Who better than Eamon Duffy to review John Cornwell's new book on Blessed John Henry Newman, Newman's Unquiet Grave? (The title refers to the beatified cardinal's exhumation from the grave that he shared with Fr. Ambrose St. John). No one can beat Duffy for clarity of writing about the English church (or any church, for that matter). It's one of those wonderful New York Review articles that uses the book in question as a jumping-off point for a much fuller discussion of the topic. Here's part of Duffy's aptly named, "A Hero of the Church."
Both Newman’s attraction to Catholicism and his hesitation in embracing it sprang from a radical historicism. As an Anglican, he had subscribed to the notion that truth was unchanging. Christianity was a revealed religion, its doctrines descended to the present in an unbroken tradition from the Apostles. Nothing could count as Christian truth, unless the primitive Church had believed and taught it. The modern Church of Rome, therefore, could not claim to be the true Church, since so much about it—its elaborate worship, the dominant place of the Virgin Mary in its piety, the overweening authority of the pope—seemed alien or absent from the earliest Christianity: there were no rosary beads in third-century Carthage. Yet Newman’s reading in early Christian sources convinced him that to condemn Rome on these grounds would also be to outlaw much of the rest of mainstream Christianity. The doctrines of Incarnation and Trinity, accepted as fundamental by both Catholics and Protestants, were not to be found in their mature form in the early Church. If the central tenets of the faith could develop legitimately beyond their New Testament foundations, why not everything else?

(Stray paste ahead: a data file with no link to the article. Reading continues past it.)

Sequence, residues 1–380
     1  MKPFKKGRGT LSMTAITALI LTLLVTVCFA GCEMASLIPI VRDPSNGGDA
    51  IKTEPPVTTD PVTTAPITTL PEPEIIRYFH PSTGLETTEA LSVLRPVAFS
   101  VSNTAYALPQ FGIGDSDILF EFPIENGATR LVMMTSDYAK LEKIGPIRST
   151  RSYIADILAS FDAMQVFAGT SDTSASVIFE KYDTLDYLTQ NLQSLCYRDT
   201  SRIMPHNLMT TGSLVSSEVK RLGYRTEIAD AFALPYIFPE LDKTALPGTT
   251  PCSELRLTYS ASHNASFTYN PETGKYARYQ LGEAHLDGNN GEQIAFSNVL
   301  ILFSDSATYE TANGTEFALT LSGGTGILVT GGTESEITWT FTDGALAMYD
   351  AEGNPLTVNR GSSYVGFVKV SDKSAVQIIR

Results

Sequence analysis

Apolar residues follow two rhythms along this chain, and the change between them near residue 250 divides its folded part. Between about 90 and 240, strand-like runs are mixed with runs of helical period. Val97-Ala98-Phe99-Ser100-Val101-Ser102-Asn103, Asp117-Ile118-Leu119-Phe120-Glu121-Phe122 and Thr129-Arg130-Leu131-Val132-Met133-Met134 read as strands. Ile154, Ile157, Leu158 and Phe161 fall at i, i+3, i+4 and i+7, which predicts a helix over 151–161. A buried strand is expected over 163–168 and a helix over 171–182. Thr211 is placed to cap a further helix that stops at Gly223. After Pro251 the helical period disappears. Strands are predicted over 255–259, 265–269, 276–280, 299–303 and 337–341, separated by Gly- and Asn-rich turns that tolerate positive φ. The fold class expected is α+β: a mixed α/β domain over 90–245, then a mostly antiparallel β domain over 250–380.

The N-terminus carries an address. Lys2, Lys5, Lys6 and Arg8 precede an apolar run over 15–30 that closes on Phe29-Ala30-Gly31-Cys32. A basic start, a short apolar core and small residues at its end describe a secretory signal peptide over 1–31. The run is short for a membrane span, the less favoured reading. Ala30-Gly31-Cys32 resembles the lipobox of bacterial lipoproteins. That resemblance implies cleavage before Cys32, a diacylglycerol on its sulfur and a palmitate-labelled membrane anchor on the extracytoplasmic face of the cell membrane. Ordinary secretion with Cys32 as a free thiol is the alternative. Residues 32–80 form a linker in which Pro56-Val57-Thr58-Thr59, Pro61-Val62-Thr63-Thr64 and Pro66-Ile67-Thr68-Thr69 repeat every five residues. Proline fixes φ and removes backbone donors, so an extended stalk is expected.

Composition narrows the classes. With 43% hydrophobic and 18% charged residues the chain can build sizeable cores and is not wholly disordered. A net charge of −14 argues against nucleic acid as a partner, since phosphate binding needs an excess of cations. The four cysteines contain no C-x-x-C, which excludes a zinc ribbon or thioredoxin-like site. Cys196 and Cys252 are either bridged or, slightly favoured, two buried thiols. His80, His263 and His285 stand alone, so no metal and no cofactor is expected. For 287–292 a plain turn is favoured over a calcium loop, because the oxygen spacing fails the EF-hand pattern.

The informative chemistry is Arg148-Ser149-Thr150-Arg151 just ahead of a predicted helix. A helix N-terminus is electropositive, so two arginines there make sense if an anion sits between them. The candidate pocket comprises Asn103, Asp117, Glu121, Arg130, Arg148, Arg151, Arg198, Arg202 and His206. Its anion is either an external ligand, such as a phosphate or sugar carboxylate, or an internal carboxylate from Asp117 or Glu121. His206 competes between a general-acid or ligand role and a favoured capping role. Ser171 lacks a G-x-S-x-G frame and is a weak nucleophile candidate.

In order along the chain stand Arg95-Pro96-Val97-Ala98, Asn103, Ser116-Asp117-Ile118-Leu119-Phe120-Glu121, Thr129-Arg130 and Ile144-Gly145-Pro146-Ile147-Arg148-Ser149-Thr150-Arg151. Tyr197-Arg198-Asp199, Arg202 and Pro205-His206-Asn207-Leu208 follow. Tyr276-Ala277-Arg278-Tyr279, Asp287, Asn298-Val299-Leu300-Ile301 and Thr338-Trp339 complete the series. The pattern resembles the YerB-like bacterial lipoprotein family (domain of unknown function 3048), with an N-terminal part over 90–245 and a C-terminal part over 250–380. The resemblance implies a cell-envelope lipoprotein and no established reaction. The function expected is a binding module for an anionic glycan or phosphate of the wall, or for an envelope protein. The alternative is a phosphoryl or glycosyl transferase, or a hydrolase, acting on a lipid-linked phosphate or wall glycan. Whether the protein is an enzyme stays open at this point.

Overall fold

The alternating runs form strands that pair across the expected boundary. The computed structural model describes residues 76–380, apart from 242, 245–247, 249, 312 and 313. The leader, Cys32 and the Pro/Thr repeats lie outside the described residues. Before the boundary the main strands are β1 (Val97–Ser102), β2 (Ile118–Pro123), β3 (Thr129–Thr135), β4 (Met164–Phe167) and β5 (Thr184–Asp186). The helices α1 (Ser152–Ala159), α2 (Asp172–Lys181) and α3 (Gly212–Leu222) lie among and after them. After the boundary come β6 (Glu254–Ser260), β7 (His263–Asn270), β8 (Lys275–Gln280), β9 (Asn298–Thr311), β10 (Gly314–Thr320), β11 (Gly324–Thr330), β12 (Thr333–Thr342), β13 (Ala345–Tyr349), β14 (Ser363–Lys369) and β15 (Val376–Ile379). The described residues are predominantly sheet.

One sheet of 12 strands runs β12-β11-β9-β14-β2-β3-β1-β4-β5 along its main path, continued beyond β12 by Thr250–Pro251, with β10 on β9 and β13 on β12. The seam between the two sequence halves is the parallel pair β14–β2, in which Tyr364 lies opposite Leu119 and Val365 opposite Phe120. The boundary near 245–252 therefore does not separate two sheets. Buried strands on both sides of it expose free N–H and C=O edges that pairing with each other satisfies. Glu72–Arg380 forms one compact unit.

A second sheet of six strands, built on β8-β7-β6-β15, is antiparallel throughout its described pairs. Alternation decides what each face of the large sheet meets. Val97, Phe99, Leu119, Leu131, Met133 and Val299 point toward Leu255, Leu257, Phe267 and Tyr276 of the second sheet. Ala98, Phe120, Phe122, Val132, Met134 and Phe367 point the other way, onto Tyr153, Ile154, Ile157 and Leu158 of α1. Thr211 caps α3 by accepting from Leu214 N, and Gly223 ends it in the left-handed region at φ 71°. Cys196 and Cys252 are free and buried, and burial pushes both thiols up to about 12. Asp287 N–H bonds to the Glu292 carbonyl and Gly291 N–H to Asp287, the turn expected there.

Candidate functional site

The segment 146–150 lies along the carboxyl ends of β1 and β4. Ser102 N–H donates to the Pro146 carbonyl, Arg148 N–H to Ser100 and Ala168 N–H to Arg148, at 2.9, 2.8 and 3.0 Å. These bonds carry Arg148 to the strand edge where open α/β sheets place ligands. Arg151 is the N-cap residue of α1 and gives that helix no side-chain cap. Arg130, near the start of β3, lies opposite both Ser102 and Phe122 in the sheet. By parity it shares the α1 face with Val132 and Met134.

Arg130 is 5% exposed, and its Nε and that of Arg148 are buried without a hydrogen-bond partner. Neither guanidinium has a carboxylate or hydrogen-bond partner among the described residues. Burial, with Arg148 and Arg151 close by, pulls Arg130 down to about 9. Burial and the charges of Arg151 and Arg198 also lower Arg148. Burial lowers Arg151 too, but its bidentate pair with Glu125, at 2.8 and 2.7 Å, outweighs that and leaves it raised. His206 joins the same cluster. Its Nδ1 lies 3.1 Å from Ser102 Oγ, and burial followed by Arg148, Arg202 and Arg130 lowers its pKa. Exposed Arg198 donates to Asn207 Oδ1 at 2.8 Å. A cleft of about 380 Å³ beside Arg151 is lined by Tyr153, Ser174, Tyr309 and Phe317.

To resolve this apparent contradiction between a religion of objectively revealed truth and the flux of Christian doctrines and practices, Newman wrote at Littlemore a theological masterpiece, the Essay on the Development of Christian Doctrine (1845). Its central claim is that the concepts and intuitions that shape human history are dynamic, not inert. Great ideas interact with changing times and cultures, retaining their distinctive thrust and direction, yet adapting so as to preserve and develop that energy in different circumstances. Truth is a plant, evolving from a seed into the mature tree, not a baton passed unchanging from hand to hand. Ideas must unfold in the historical process before we can appropriate all that they contain. So beliefs evolve, but they do so to preserve their essence in the flux of history: they change, that is, in order to remain the same. “In a higher world it is otherwise; but here below to live is to change, and to be perfect is to have changed often.”
Other nineteenth-century thinkers had anticipated aspects of this dynamic understanding of religious truth. But no one confronted its difficulties or explored its implications as fully as Newman, whose book offered a remarkable series of diagnostic tests by which to distinguish legitimate developments from corruptions of the truth. Not everything in his analysis has been found convincing, but theEssay was a landmark, legitimizing the notion of doctrinal development. Over the next century or so, it was to prove seminal for Catholic theology, as the Church increasingly sought to come to terms with its own historical contingency.
James Martin, SJ